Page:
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Don't Cry Over Overheated Milk! Farmers Cheese Anyone?


by Jerri

I was in a hurry. I thought, I've done this a million times, set the timer, and walked away from the stove to do another part of the yogurt project. My cow's milk was slowly warming over medium heat for a rebatch of Greek yogurt. It was only supposed to reach 160ºF, so 15 minutes in when steam was rising from the pot, I freaked. As the numbers on the thermometer rose beyond 160 and up into the 180s, I held back the tears, and remembered I had lemon juice. Lemon juice!

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I poured the overheated milk into a bowl, grabbed the lemon juice, and as I dumped it in while stirring I thought, How much lemon juice do I need? I really should check the recipe. But I didn't. I just poured and stirred until it made curds. It took about 5 seconds to be ready.

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I quickly found my butter muslin I had sewn into a bag for making nut milk, and put it into another bowl to begin the straining process.

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I gathered it up and strained. Hope no one needs inside that cupboard today

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This is known as an acid cheese since lemon juice was used (vinegar is another option) instead of an actual culture to do the fermenting. But in this hiccup, I was able to make a ricotta of sorts. I could have added a little salt to the curds before I strained it, as that leads to a harder cheese, but since I didn't check my recipe, this is what I got. By the way, when I finally checked the recipe, it said 1 quart milk + 1/8 cup vinegar, so I think I did ok in my panicked state. Whew! I peeled away the muslin and was happy!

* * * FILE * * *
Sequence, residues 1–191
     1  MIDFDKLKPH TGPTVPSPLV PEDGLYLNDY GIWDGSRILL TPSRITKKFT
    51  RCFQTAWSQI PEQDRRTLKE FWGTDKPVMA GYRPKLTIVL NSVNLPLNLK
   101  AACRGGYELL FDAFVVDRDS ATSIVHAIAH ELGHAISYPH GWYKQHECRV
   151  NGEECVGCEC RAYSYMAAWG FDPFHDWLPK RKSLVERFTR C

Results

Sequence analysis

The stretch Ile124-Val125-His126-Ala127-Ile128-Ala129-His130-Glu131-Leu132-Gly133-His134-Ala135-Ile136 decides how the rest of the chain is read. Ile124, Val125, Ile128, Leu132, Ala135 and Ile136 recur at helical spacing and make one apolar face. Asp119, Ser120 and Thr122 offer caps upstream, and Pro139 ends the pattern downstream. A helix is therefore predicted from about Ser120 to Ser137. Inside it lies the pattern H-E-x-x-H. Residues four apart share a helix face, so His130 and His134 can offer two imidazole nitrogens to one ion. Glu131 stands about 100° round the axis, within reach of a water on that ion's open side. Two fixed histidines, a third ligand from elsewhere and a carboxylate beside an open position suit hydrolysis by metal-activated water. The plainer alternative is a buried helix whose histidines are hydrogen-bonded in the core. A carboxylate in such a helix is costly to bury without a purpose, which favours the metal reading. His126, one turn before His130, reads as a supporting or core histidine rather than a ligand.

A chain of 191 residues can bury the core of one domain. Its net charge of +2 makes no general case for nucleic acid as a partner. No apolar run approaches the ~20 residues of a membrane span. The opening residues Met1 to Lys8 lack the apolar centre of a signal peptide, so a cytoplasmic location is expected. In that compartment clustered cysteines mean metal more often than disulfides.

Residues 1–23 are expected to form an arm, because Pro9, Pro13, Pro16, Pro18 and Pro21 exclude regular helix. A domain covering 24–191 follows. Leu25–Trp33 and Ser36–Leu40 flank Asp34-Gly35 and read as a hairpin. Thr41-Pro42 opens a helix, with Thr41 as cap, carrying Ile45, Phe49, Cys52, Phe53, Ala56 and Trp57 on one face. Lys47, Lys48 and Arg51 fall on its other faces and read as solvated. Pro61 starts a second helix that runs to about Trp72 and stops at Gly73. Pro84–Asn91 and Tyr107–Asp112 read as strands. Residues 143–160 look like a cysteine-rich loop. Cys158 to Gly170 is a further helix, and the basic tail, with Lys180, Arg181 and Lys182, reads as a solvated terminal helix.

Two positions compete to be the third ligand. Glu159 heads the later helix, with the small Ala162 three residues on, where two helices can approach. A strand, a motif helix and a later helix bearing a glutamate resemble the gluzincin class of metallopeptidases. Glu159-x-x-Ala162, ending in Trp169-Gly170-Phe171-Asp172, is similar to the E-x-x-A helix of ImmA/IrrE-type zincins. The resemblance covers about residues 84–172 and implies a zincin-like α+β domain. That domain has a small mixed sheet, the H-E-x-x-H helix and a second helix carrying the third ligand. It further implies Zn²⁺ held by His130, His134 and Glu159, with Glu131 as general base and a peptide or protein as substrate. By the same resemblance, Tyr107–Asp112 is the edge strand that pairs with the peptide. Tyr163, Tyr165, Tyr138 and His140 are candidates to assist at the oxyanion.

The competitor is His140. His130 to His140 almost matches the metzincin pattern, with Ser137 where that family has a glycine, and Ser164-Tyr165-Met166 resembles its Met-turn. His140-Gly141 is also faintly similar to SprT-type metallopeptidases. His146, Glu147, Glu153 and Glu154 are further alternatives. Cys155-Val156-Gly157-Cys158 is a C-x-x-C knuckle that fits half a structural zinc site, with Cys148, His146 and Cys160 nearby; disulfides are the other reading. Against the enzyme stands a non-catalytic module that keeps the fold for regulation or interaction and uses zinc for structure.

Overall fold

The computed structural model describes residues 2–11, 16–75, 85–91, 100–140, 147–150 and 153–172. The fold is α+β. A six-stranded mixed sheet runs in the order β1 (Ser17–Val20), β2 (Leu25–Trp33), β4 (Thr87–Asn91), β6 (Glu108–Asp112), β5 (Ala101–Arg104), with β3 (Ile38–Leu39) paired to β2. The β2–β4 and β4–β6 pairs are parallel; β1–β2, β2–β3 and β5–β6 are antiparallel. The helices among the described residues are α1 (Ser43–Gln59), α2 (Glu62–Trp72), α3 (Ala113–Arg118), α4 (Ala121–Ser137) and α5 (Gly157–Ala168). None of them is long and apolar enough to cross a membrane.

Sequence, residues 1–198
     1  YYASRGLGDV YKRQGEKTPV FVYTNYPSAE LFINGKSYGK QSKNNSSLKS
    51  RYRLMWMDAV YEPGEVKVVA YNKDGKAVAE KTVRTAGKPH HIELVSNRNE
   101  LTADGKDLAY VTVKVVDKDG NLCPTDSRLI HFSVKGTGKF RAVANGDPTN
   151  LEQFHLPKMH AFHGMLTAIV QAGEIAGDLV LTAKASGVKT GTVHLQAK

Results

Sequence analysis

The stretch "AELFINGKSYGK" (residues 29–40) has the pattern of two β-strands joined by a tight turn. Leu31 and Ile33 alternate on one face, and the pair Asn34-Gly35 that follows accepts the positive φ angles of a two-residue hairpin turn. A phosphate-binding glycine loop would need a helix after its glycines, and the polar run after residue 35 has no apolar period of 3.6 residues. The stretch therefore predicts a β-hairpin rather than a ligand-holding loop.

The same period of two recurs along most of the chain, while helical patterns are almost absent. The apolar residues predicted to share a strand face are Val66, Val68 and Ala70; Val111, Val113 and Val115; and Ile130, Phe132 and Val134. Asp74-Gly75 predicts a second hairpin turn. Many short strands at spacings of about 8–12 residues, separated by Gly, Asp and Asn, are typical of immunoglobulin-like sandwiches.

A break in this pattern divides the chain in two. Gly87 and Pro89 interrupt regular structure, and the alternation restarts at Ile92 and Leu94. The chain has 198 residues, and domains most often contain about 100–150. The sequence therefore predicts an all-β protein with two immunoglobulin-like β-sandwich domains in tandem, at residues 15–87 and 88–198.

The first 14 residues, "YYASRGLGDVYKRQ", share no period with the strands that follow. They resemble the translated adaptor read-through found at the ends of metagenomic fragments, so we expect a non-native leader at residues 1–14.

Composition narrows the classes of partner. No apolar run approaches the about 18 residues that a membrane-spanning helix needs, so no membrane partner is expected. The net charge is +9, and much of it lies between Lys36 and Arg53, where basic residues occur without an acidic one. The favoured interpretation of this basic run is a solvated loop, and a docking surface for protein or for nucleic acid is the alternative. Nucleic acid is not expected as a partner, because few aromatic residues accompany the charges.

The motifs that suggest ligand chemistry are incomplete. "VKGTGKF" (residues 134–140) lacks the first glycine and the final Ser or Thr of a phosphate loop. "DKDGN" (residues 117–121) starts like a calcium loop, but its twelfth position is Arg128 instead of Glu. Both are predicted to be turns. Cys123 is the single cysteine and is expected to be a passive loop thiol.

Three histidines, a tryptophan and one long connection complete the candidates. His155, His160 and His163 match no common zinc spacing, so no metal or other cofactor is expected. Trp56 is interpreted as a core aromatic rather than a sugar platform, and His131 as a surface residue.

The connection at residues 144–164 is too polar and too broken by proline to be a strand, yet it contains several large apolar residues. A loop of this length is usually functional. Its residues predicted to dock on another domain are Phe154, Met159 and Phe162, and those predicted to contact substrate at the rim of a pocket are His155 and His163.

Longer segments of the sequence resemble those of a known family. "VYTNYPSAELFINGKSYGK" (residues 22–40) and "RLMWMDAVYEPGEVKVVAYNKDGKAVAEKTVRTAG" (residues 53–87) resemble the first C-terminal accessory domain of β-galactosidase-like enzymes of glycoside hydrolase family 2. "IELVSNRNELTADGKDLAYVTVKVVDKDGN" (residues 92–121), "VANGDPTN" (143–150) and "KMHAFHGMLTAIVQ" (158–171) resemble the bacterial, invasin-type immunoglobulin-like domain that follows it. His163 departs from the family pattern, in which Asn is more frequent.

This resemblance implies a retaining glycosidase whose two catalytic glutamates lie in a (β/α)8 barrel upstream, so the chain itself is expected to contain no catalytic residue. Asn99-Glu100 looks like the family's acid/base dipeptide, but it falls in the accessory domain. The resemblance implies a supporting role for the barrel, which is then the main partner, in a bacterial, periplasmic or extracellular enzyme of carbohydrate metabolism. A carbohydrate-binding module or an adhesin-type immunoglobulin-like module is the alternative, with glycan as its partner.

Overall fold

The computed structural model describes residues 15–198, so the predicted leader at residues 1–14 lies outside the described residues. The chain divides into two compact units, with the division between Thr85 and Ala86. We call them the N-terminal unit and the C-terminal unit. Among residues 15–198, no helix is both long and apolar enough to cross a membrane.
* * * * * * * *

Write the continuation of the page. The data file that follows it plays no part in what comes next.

I tried a bit of garlic salt on the side to dip it into, but unfortunately, it was just too crumbly (I strained too long).

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However, see below for what I did to entice the resident teenage boy to eathomemade garlicky mayo + crumbly cheese curds = a sandwich dressing that led to not one, but two sandwiches!

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Yum, yum, yum!

Now, back to yogurt making, but at a bit slower pace.